Thursday, March 13, 2014

The Lost Art of Economic Game Planning

As I speak with outsourcing service providers and their Clients, I tend to look for points of similarity and difference.  That’s one way that I try to deduce the trends and find the nuances worthy of greater inspection.  I am finding that there are more points of similarity than uniqueness across the ITO and BPO provider community.
One particular characteristic that I’ve found to be prevalent is the lack of “economic game plans” for existing outsourcing arrangements.

It wasn’t too long ago that this art was central to the Account Planning techniques of most of the major service providers.  In the best of situations, the Economic Game Plan was a document that was openly shared with the Client.
The elements of the EGP aren’t especially complicated or obscure.  They include:

Ø  Volume forecasts for contracted services
Ø  Cost transformation projections to yield efficiencies
Ø  New service projections – timing, pricing, and volumes
By reviewing these metrics between and among the provider and Client, both parties were able to minimize surprises and align expectations.  It was also the forum for candidly discussing changes to volumes for future periods – enabling better cost and revenue forecasting by both parties.

Lacking these open conversations, a Client might be left wondering why the service provider is taking certain actions … whether those action are to reduce costs or promote new sources of revenue.

Conversely, if the service provider is planning and acting without the benefit of alignment with the Client, the guesswork may yield disappointing results.
I’m not quite sure why this technique has faded from the management toolkit.  There once was a day when Clients insisted on the transparency and, quite frankly, the providers rejoiced in the opportunity to receive feedback on their plans.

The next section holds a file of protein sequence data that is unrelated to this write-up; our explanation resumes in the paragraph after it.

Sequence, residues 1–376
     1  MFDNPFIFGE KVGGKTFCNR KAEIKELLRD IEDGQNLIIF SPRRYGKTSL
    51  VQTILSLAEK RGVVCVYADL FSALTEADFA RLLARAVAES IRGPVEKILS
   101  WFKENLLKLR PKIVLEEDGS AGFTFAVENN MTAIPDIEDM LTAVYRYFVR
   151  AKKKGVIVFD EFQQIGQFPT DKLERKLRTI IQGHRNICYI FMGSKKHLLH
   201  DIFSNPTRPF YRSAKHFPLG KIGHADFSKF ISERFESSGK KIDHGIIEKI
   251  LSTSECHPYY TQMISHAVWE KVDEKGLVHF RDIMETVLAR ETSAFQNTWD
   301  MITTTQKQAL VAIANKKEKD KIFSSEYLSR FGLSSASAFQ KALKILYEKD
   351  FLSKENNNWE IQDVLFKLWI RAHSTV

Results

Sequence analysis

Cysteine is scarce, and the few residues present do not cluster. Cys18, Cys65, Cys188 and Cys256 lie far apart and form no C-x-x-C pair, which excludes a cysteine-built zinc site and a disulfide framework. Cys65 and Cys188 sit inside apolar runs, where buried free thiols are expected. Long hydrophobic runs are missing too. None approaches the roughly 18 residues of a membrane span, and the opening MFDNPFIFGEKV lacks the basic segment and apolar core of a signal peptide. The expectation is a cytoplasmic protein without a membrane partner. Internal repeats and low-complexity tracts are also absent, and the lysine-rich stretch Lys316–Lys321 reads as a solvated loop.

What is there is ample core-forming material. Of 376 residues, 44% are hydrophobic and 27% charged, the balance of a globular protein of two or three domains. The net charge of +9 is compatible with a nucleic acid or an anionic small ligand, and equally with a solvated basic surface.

Without bilateral EGPs, each party is left to surmise what the other is intending.  That’s not a healthy situation, and rarely does it come to pass that both are correct.
To be fair, a few service providers tell me that this discipline is central to their management models.  But, I’m not convinced that their Clients see the situation in the same light.


Tuesday, March 4, 2014

Are Your Outsourcing Relationships "Fit for Purpose" in the Age of "As a Service"?

Continuing my theme of bridging from one blog post to the next … and being a fan of “top ten lists” … I thought that I would offer my perception on the most important questions that Supply Chain executives should be asking of their outsourcing providers.
I direct this towards Supply Chain because of the central role these executives serve in connecting business units, corporate functions, and IT when it comes to contracting for outside services. That said, the questions I offer here can be equally asked by the CIO, CHRO, CFO, or business unit executives. 

In all cases, I am addressing the central question of whether or not incumbent service providers, or prospective service providers, are conforming to the principles of “As a Service” business operations.  In my experience, a candid assessment against these criteria will challenge the incumbent ITO/BPO provider community to show well.

  1. Is capacity provisioned dynamically? Does the provider detect and respond to incremental/decremented demand through automation and in accordance with pre-determined rule sets?  If the SLAs deflect accountability due to the Client not having answered a question not yet asked … that’s not “As a Service.”